I think the best way to show you how it's done is step by step. So I hope you find these images I took whilst creating  Two faced Tessie helpful. Let's go….

Draw out pattern
If you wish to stitch your doll together with a 'tidy' edge,
you will need to add around2cm of seem allowance.
I chose to stitch her together , leaving an edge that can fray over time.

Pin fabric and trace out design

Cut out doll parts ready to go

Begin by adding stamps to get started.
Apply paint with sponge over stencil

Continue sponging paints randomly

You can use fabric markers over stencil objects

Fill in areas with a pop of colour with fluorescent markers

Using a  silicon brush, apply gesso over stencil to cut back
 colours and add interest

Again using gesso and the silicon brush, apply streaks.
This tool is great for this.

Fabric paint applied directly onto silicon brush and streak
across onto fabric where it feels right.

Try using different silicon brushed to create interesting
 lines with the paint.

Finger painting fun with Gesso to break up bold colours

Try adding Schmincke acrylic ink with dropper.
This is divine when spritzed with water.

Be sure to dry fabric before applying more paint or markers as they will run. Unless that's what you want.
I also recommend ironing the project as you go to SET colours so they don't reactivate as you add more colours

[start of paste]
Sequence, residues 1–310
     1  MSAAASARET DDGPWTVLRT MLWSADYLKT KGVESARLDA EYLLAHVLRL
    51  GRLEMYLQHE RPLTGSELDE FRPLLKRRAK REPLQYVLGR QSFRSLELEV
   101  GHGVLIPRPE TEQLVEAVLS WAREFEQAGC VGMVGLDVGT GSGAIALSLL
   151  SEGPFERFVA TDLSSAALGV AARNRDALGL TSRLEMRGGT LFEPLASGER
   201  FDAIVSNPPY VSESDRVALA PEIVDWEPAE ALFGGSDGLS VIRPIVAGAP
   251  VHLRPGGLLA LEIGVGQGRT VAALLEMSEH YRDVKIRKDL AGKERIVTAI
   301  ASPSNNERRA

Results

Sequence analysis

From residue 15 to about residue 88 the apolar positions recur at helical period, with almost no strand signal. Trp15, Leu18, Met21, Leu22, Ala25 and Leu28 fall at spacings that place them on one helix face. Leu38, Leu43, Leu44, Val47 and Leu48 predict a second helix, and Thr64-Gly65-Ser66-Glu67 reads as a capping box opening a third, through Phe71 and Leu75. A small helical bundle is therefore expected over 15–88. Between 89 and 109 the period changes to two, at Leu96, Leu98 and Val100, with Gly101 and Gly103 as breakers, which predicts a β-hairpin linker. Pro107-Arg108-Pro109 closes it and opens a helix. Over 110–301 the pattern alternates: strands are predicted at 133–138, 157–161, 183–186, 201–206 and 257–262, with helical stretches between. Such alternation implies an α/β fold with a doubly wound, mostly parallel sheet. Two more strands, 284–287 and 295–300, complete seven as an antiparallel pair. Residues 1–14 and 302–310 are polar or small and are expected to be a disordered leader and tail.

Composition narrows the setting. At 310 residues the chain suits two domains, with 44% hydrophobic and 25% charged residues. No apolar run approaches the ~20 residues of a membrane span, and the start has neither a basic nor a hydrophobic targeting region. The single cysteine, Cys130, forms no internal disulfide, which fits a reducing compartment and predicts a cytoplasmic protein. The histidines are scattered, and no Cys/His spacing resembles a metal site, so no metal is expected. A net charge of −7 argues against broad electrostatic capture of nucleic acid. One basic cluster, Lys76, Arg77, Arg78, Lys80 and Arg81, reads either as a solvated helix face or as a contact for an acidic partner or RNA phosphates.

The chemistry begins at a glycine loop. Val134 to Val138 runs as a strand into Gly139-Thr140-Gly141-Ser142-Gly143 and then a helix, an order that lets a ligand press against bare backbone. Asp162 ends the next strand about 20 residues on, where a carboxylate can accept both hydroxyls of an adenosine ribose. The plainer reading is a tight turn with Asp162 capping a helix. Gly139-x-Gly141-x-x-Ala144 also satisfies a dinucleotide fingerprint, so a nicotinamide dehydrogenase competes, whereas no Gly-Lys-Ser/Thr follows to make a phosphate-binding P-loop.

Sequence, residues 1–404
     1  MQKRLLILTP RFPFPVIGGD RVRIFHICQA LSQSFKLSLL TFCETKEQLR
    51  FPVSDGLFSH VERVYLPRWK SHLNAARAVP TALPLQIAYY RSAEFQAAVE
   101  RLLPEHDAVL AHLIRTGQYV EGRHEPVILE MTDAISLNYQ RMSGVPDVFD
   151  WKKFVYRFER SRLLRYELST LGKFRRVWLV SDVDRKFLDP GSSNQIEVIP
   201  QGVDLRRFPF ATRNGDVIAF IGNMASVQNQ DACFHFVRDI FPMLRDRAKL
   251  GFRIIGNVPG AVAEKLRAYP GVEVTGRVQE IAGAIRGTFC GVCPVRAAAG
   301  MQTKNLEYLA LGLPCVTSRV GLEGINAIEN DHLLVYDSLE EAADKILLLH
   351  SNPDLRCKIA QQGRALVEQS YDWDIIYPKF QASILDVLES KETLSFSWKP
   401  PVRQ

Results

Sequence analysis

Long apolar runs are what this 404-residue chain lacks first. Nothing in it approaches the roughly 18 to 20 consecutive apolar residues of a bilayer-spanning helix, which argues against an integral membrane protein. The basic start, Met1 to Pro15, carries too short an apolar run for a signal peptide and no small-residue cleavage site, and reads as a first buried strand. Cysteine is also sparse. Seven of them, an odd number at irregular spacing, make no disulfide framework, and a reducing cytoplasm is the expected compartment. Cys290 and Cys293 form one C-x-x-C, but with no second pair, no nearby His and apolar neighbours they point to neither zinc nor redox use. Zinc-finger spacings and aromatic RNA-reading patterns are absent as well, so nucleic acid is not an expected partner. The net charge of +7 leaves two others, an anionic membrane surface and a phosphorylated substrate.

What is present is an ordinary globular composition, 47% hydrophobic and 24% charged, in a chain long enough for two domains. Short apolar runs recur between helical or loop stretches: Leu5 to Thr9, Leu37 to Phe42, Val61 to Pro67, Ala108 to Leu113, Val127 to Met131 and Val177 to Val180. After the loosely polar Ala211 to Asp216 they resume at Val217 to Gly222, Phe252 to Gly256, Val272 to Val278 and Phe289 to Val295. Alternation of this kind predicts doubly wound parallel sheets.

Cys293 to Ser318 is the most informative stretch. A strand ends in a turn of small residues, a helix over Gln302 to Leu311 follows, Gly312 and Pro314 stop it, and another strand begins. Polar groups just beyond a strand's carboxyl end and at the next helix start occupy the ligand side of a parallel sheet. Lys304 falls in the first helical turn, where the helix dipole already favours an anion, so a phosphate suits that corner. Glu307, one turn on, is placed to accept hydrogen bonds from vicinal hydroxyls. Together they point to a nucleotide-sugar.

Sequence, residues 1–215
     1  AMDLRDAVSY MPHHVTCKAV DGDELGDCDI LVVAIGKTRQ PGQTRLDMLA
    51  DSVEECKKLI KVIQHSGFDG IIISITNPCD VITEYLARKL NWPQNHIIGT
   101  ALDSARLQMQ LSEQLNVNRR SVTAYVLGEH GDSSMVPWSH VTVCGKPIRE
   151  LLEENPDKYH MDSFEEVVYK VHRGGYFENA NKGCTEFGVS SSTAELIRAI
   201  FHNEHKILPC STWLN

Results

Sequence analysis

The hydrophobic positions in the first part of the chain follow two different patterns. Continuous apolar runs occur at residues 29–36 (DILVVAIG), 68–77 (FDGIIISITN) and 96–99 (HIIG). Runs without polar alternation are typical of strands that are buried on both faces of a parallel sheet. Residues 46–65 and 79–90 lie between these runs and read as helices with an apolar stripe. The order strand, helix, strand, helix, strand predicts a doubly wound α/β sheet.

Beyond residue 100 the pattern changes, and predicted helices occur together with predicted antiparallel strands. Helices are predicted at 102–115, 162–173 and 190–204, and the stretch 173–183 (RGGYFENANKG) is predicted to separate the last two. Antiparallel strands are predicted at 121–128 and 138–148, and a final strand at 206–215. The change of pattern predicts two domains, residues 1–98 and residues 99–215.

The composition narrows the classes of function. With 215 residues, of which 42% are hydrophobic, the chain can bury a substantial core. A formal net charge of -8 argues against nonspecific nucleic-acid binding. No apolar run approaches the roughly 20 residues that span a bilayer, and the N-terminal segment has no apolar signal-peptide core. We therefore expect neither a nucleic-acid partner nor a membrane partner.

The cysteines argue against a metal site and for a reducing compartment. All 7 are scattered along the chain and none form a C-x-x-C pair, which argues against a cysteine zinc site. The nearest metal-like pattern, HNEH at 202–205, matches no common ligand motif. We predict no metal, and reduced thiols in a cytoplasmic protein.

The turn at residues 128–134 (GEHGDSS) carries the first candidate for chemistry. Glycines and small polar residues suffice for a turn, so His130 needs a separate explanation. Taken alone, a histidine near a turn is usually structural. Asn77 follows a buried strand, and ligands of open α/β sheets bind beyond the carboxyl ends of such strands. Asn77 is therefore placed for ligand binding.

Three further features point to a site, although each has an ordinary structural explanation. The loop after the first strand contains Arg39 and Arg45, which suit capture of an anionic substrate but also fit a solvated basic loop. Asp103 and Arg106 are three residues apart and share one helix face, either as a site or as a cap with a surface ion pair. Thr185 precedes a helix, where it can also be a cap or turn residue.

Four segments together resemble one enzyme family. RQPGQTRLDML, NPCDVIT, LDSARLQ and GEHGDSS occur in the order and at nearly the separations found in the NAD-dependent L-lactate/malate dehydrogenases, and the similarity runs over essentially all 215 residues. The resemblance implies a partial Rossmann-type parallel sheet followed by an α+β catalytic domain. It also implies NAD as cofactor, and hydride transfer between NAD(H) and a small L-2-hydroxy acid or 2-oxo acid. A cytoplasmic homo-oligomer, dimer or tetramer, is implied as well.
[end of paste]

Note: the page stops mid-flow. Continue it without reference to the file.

By just pressing the markers down on an angle,
you get these wonderful little teardrop like marks.

Apply paint with Princeton brush directly,
 making little lines  that have a heavier 'body'.

Create stripes on the arms with silicon brush by
 adding paint straight onto brush and dragging in a short downward movement.

Draw your face design. Feel free to copy
this directly if this is what you like.

Begin colouring in the eyes with a mix of fluorescent a
 basics markers. They blend into each other beautifully. 

Now for some rosy cheeks. Add a drop of Schmincke
 acrylic ink over fluoro pink cheek colour and spritz with water.
Watch as it bleeds out creating those cheeks.

Start adding colours to the eyelids. By working the varying
 colours over each other, they blend and add depth.
Also create shading with a mix of purple and blue.

Add depth to base colours.

By adding a variety of colours to the eyes,
 they really come alive. 

Add highlights in the eyes with gesso.
I also added some gesso onto parts of the face.
This is great for 'cover-ups'

Time to take a different approach and start